A former intelligence chief once said that the problem with India's neighbourhood policy is that India wants to be seen as the nice, cuddly, harmless giant who is more loved than feared by its neighbours. But this policy runs counter to the iron law of international politics where there is no love without fear. A harmless giant who anyone can finger without fear of any adverse consequences isn't worth anything to anyone.
Crossing the line
In India's case, it becomes a bit of a double whammy because not only does crossing the giants' path not cause any dread, there is also no expectation of the giant pouring in goodies to win over the love and admiration of its neighbours.
Even during the times when relations between the two countries were strained for one reason or another, things never descended to the level to which KP Sharma Oli has taken them. (File Photo: AP)
As a result, in recent years there has been a rising trend among some of India's neighbours to strike deals or do things without as much as even considering how this will be taken by India, much less the repercussions of their moves on relations with India. The ongoing border spat with Nepal needs to be viewed in the larger context of how India has conducted its neighbourhood policy.
The competing territorial claims of India and Nepal, which are behind the row that has broken out are a matter of detail which can be tackled at the diplomatic level. What is more worrisome is that Nepal's leadership has the temerity to cock a snook at India by upping the ante. The language used by the Nepalese Prime Minister, the decision to publish a new political map, setting up of armed posts near the disputed area, and making belligerent declarations of taking back the land at any cost is quite extraordinary in the context of India-Nepal relations. Even during the times when relations between the two countries were strained for one reason or another, things never descended to the level to which KP Sharma Oli has taken them.
Whatever his reasons - domestic political posturing, acting on the behest of China, or just simple deeply ingrained India-phobia - the fact is that his insurance policy with India has now more or less lapsed. For long, India has ignored his rants and adopted a rather benign approach towards him under the assumption that after he has vented his spleen, things will settle down. But that's not the way things have played out. The more India cut him slack, the more emboldened Oli got. Matters have now reached a pass where India will have to bare her fangs if she wants to remain relevant in Nepal.
In Nepalese politics, there has always been a section of people who only know about dragging India into domestic political discourses to burnish their own nationalist credentials and find some relevance. More often than not, mainstream politicians (including the erstwhile Royalty) used this section to convey signals to India. But they never really allowed these guys to cross the Rubicon. Until recently the anti-India group remained on the fringes of politics, and never really occupied centre stage, until Oli that is. The other thing about Nepal has been the quest to find a counter-balance to India. King Mahindra tried to flirt with the Pakistanis at one time. The 1971 war saw that entire gambit go up in smoke. King Birendra tried the Zone of Peace tack, but it didn't lead anywhere. The one time he flirted with China, the monarchy collapsed and democracy was restored in the early 1990s. But in recent years, the Nepalese have once again started trying to counterbalance India by reaching out to China which is sloshing money to buy support and loyalties of Nepalese politicians and consolidate the anti-India lobby. India has been watching this strategy unfold but has preferred a hands-off approach in the hope that better sense would prevail. Clearly, this policy has run its course.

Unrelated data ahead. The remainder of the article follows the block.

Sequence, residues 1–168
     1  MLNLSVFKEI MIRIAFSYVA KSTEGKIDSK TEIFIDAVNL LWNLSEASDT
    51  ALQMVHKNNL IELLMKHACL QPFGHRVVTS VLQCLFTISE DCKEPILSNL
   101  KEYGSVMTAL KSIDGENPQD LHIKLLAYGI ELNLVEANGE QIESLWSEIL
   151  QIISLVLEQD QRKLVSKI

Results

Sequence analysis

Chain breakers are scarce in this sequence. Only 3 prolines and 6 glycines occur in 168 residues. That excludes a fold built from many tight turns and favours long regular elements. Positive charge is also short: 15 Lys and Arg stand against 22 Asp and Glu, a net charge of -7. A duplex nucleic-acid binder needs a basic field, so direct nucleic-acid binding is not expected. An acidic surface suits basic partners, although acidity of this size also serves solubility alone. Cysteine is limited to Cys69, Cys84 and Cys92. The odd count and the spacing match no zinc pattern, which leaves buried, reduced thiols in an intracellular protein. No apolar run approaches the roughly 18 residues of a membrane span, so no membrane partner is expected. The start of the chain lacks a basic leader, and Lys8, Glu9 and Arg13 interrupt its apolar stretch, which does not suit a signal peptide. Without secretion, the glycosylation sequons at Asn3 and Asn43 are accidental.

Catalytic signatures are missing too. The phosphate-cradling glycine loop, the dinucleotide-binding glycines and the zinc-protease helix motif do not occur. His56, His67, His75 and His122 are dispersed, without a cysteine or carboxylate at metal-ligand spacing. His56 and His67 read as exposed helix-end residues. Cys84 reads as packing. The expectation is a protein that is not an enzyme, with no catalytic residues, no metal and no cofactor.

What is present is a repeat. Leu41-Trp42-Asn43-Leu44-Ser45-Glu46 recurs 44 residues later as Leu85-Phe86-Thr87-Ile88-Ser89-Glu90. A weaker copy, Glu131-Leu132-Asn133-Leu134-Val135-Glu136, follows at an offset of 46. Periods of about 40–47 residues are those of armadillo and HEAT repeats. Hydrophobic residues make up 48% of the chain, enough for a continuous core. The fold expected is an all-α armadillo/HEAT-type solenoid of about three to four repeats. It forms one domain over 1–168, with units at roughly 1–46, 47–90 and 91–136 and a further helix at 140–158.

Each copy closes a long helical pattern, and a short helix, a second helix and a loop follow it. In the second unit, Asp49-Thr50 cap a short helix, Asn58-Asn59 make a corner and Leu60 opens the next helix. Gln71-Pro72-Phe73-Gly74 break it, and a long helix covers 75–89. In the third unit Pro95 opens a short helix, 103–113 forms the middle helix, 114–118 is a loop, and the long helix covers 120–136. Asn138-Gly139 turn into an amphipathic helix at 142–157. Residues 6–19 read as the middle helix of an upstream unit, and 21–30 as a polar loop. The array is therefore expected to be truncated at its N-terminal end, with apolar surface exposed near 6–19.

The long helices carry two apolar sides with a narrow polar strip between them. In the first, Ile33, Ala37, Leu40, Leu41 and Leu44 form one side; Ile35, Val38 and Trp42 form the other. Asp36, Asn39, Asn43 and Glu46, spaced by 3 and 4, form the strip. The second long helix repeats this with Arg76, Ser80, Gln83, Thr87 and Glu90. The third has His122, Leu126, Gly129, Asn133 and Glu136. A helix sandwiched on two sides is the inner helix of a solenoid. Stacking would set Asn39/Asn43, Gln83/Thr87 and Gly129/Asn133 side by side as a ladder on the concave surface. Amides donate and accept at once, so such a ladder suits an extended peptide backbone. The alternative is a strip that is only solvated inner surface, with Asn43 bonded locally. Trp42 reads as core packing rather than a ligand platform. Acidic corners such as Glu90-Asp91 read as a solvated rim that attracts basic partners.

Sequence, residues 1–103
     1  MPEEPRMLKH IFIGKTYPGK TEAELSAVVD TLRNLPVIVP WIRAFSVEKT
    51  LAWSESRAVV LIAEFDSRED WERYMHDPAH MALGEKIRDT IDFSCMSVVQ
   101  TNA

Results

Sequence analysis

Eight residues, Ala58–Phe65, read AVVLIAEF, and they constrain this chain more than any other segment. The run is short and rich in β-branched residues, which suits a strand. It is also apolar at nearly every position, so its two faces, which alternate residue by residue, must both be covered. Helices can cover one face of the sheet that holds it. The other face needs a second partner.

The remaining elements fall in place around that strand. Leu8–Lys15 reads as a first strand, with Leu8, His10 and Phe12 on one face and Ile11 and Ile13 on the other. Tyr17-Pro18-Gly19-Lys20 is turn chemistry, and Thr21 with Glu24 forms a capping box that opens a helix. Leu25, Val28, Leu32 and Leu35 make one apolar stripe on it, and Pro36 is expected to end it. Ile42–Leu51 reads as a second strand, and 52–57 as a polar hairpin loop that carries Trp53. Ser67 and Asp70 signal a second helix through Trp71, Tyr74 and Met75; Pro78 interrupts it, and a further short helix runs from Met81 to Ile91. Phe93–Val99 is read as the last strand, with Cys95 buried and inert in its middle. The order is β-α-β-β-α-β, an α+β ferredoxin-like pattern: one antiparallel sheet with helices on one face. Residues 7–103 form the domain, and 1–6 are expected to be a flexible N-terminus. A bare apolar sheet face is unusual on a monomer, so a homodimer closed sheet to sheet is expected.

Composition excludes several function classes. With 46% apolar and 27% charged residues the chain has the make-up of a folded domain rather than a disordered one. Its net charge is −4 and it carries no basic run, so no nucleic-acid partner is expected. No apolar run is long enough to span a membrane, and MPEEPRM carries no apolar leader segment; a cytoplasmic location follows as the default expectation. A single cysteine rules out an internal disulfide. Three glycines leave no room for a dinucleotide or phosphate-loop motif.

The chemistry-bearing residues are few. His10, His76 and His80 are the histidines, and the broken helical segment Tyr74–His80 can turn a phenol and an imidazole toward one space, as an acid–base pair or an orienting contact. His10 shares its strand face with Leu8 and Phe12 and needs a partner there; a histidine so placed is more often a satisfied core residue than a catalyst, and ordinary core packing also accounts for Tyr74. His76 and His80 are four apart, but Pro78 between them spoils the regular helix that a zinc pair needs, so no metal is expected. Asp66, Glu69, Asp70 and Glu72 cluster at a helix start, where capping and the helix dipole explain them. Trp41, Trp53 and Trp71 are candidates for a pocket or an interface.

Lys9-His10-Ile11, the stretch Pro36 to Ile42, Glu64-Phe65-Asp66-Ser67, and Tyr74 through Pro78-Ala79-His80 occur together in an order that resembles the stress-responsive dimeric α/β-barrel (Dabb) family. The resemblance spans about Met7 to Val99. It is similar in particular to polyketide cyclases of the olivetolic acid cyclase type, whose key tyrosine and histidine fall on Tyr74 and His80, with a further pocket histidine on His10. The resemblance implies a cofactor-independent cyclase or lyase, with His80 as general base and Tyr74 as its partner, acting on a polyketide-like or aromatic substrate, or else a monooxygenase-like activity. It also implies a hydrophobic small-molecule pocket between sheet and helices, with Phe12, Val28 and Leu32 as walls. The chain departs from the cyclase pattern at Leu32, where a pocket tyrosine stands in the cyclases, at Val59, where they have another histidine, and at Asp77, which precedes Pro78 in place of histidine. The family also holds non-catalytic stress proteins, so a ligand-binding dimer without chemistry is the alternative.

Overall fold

A time to act
In diplomacy, patience is mostly a virtue, until it is not. That time has come for India. To be patient with the current dispensation in Nepal is to only lose more ground. In Nepal, there is a third player who is pushing the envelope every day, and India's 'patience' has made space for the third player to ensconce itself. This is precisely what happened in Sri Lanka. The Lankans gleefully grabbed the white elephant projects that China offered them. These projects have today become mill-stones around Sri Lanka's neck with consequences not only for Sri Lanka's sovereignty but also for India's security. Nepal is likely to follow a similar trajectory with the projects China is seducing them with.
There is a view that by provoking India, a trap is being set. If India falls in the trap by reacting strongly, the current dispensation will play the patriotic card and also push forward the China agenda. But even if India doesn't react, then the game will anyway slip away because the anti-India lobby will be emboldened to think that daring India is a low-risk-high-gain gambit. India still enjoys considerable leverages in Nepal which can be used quite effectively to re-establish India's primacy in the region. But this must be done quietly, without any grandstanding or chest-thumping.
Nepal must be made to understand that the natural affinity and affection that most Indians have towards Nepal - Hindu country and all that - must not be stretched or tested beyond a point. Because once this bond breaks, the consequences will be extremely serious and severe.
(Courtesy of Mail Today)